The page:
Where To Go See The Leaves Change: The 10 Best Places For Leaf-Peeping in North America
Fall is Earth’s way of apologizing for taking summer away. As it redistributes sunshine to other parts of the globe, it appeases us with apple cider and flab-flattering sweater weather. In the long run, of course, fall is the great meteorological decoy: Soon enough, pretty trees turn into bare ones, ciders give way to medicinal teas, and cable-knit sweaters get cast aside in favor of leopard-print Snuggies. Behind those six paradisiacal weeks of autumn lie six months of cold winter, waiting to ambush us.
But, fall! It’s impossible not to be seduced by the season. And what’s the best part of it? Clearly, the pumpkinization of everything, hands-down. If you’ve begun to harass your local Starbucks, demanding they bring out the Pumpkin Spice Latte, no one blames you.
But after gorging on all that Pumpkin Cheesecake, and Pumpkin Dream Cake, and Turtle Pumpkin Ice Cream Cake, you’ll need to get your once-beach-ready, now-hibernation-ready rear in motion. And there’s no better reason to get out of the house and into the great outdoors during fall than “leaf peeping”— the official, and officially creepy, nickname given to act of driving and/or walking to see all those gobsmackingly beautiful leaves.
Yes, as far as climatological consolation prizes go, the charming, super-American tradition of watching the leaves turn is second to none.
Not sure where to go to see the leaves turn? We've got you covered (Snuggie-style.)
Route 100, Vermont
Route 100 is a classic among leaf lovers. The 200-plus-mile road snakes its way through almost the entirety of the state, beginning at Wilmington and ending near the Canadian border. Along way, the route affords serious views of foliage in transition. And while any of Vermont’s small towns have charm in spades, Waterbury, right off 100, has the distinction of housing the Ben and Jerry’s headquarters.
Blackstone River Valley, Massachusetts and Rhode Island
This region of New England — full name: Blackstone River Valley National Heritage Corridor — spans from Providence, Rhode Island to Worcester, Massachusetts. It’s known as the “Birthplace of the American Industrial Revolution” and is listed on the National Register of Historic Places, which means it’s mostly lacking in the overdevelopment that ravages much prime leaf-peeping regions. No matter which state you start in, postcard views of authentic New England bucolia await.
Kancamangus Highway, New Hampshire
The scenic Kancamangus Highway connects Lincoln and Conway, but, for peepers, it’s less about either destination than the 34 miles of foliage between them. New Hampshire boasts plenty of other viewing spots — the Lake Sunapee region, near Dartmouth, is worth checking out — but no visit to the state during fall is complete without a drive along this route.
Route 169, Connecticut
This famous byway stretches from Woodstock, at the Connecticut-Massachusetts border, to Lisbon, in the state’s southern region. Among the more notable stop-offs is Canterbury, a town that was initially settled in 1697 and maintains, with sites such as a traditional town green and the Prudence Crandall House, a distinct pre-revolutionary flavor.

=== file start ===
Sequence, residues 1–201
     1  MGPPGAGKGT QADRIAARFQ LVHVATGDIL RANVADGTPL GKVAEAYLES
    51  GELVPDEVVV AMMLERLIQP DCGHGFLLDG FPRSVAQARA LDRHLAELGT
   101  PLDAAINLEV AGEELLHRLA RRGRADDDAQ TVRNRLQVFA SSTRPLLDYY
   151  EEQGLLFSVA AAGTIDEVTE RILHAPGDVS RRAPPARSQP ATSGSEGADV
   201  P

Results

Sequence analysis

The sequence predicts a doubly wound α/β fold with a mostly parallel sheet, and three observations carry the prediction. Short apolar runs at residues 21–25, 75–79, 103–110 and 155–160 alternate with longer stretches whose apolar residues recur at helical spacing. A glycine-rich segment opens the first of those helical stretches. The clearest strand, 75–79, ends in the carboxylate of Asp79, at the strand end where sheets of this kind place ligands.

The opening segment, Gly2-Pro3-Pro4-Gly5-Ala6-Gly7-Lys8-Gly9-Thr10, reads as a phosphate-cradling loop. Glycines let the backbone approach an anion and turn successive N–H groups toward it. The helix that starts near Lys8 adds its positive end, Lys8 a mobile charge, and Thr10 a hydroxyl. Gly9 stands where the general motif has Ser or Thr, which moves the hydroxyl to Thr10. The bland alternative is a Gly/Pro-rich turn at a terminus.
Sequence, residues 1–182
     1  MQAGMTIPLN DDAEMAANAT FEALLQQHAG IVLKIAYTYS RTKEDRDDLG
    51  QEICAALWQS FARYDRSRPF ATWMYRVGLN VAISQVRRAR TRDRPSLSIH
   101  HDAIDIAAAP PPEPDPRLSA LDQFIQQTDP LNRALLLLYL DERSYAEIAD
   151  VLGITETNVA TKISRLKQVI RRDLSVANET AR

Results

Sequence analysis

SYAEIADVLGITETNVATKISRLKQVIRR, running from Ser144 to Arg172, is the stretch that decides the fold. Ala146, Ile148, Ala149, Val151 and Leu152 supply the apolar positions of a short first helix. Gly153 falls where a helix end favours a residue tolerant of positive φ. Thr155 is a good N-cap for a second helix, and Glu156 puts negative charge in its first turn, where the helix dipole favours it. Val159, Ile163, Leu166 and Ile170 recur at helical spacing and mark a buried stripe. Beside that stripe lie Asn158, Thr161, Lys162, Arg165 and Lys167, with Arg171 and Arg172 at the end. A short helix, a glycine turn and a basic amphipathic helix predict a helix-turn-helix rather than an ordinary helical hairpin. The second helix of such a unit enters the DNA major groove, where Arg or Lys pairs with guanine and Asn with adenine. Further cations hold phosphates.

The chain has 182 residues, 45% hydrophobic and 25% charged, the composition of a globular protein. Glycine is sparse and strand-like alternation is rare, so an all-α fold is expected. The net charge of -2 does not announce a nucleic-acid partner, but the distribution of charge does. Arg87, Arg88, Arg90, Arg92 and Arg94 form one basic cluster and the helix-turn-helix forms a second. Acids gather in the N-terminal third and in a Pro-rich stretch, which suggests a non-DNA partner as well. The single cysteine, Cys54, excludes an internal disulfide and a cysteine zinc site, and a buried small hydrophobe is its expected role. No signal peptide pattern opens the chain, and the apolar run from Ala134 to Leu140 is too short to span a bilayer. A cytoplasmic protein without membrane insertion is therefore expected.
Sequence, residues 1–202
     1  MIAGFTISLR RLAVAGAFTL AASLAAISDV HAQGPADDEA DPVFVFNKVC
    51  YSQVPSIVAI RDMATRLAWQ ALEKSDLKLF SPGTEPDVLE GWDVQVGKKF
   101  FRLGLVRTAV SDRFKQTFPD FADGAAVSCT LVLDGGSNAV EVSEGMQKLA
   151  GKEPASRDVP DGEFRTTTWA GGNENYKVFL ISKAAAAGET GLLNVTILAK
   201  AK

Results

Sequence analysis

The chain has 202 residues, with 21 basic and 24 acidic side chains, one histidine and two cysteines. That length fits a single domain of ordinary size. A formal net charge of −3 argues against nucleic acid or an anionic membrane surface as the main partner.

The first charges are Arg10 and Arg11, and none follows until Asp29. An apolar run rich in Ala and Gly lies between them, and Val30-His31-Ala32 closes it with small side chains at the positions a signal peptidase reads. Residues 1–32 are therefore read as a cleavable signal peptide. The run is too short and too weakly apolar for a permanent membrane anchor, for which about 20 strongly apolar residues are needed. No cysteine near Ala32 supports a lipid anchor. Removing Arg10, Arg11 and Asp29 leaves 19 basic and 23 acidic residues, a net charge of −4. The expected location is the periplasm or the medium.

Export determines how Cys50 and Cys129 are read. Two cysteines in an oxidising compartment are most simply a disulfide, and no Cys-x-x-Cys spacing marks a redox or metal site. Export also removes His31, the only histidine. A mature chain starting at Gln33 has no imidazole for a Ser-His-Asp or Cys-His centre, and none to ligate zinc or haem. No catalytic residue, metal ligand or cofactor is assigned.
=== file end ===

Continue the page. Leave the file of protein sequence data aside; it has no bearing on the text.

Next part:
The Old King’s Highway, Massachusetts
The Old King’s Highway, or Route 6A, follows the shore of Cape Cod, jutting out from the main coastline into the Atlantic. While the region is known as a summer destination, leaf peepers know the area — and this tree-lined road especially — does double duty as an autumn hotspot.
Bar Harbor, Maine
Practically any spot along Maine’s coast is ideal for both leaf-peeping and wistful ocean-gazing, but Bar Harbor stands out. Once a summertime destination for the nation’s elite, and now home to Acadia National Park, the area mixes a rich coastal-town feel with wide expanses of untouched landscape. It’s also situated not too far away from Route 1, which, along with Route 100 in Vermont, is practically a mandatory pilgrimage site for dedicated leaf-peepers.
Halifax, Nova Scotia
Early leaf-peepers should consider crossing the border to Canada, where the first of the season’s leaves take on color. Halifax, in Nova Scotia, is a good place to start. MSN recommends the Cabot Trail, a 65-mile route in nearby Cape Breton “described as one of the most scenic drives in the world.”
Seneca Lake, New York
The Finger Lakes region in general sees an explosion of color in the fall, but if you have to decide on a lake, consider trading big, ever-popular Lake Cayuga for smaller, nearby Seneca Lake. The official Finger Lakes website recommends following NY 14 South, beginning at Geneva and finishing at Watkins Glen, where you can visit Watkins Glen State Park.
Prime leaf-peeping season begins in September, up in Canada, and moves down the continent quite fairly quickly — the peak season in most New England states concludes around mid-October. But if you find yourself late to the party, try the foliage in the comparatively southern Poconos, in Pennsylvania. The area includes 127 varieties of trees and — because you can’t see all of these in one day — countless lakeside camping sites and B&Bs. Before venturing, look to the region’s official foliage tracker, which is updated weekly through the end of October.
Leaf peeping is so popular that entire cruises are dedicated to it. One such vessel, the Maasdam, takes as many as 1,258 passengers from Boston to Montreal, either one-way or round-trip. Viewers see some of the most renowned peeping spots, including Bar Harbor, Maine, and Halifax, Nova Scotia, and others. With fares starting at $600, Maasdam is among the more affordable options, but there are plenty to choose from.